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The war of the trees

Bill Meredith

Loveliest of trees, the Cherry now
Is hung with bloom along the bough,
And stands along the woodland ride,
Wearing white for Eastertide.
Now, of my threescore years and ten,
Twenty will not come again,
And take from seventy springs a score,
It only leaves me fifty more.
And since to look at things in bloom
Fifty springs are little room,
About the woodlands I will go
To see the cherry hung with snow.
~A. E. Housman, ca. 1880

(5/2017) One day in 1989 my wife and I looked at each other and realized that our house seemed empty. Our children had moved away, and grandchildren had begun to appear; they visited sometimes, but most of the time the house had a vacant feeling. So we built a new house, designed so we could live on one floor as age accumulated. There was an upper story, but it was for the occasional visitors and for stuffing full of things that should have been thrown away.

My favorite aunt had visited us every summer since we came to Emmitsburg in 1957, and she came to see the new house in 1990. She approved of it on the inside, but she could not help noticing that the outside looked barren. We had built it in our former garden, and grass was beginning to grow around it, but there was not a shrub or tree in sight. So she gave us a check and told us to buy a tree. She didn’t specify what kind, so after some searching we selected a weeping cherry; and since her name was "Icky," it became the Icky Tree.* She visited us two more times before she died, at the age of 92, so she never got to see what a truly beautiful gift the tree was to become, nor to share the pleasure it brought when our grandchildren came every spring to hunt Easter Eggs under it and have their pictures taken.

It is one of my regrets that I had not yet discovered Housman’s poem while Icky was still living. She liked poetry; she wrote a bit herself, and she read to me when I was a child. She would have smiled ruefully at the irony of the situation. The cherry sapling was five feet high and barely an inch thick when we planted it, and I had already used up 80% of my three-score years and ten. But it grew steadily; it is now about 15 inches thick at ground level, and stands some 30 feet tall. It has bloomed around Easter every year, and once again this year it was the loveliest of trees, as Housman foretold… but it is dying. Last summer two large branches died, and when the bloom came out this spring about half of the remaining branches were bare. I don’t know how many scores of years a cherry tree is allotted, and of course no one knows the future; but the odds now are at least 50:50 that I will live longer than the tree does.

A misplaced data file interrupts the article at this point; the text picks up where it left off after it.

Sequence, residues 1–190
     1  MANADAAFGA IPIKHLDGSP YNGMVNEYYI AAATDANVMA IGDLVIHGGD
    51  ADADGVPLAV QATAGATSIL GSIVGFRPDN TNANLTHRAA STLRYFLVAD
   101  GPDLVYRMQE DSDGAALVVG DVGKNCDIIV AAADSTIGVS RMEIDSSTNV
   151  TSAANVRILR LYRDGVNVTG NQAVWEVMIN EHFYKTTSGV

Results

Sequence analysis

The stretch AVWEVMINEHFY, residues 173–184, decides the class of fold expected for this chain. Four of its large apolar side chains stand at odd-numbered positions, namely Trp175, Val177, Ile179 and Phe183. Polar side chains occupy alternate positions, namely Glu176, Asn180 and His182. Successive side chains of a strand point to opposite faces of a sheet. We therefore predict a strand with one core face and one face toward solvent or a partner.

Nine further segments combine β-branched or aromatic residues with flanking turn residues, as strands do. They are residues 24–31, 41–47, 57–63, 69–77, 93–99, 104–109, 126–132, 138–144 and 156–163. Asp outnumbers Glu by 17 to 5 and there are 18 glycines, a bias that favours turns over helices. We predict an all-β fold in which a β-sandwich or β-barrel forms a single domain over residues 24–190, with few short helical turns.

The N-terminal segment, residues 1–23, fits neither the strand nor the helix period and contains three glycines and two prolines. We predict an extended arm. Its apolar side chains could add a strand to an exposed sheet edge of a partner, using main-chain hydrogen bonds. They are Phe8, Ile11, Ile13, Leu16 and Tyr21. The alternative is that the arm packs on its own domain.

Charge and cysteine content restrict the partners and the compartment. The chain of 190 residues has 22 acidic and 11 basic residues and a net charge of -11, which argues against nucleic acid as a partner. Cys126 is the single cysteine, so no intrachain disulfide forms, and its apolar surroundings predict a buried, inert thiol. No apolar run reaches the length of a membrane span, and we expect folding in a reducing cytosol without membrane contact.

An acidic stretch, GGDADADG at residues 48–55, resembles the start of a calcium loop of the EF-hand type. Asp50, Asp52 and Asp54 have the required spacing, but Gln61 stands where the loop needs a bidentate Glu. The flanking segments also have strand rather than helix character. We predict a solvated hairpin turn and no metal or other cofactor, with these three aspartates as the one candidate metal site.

If you look at the cherry tree now, the source of its trouble is obvious; it is a caused by a Bradford pear tree that was planted the same year as the cherry, and is now some 15 feet taller. When we went to buy the cherry tree, there was a sale at the nursery, and my wife brought home eight or ten other trees, including four Bradford pears. I planted one of them about 20 feet from the cherry. It flourished, and as it matured, it began to release a chemical substance into the air that is toxic to the cherry tree. Over the past few years the amount of this substance increased; the branches of the cherry on the side toward the Bradford pear stopped growing, and last year they began to die. So I have to take responsibility. I should have known better.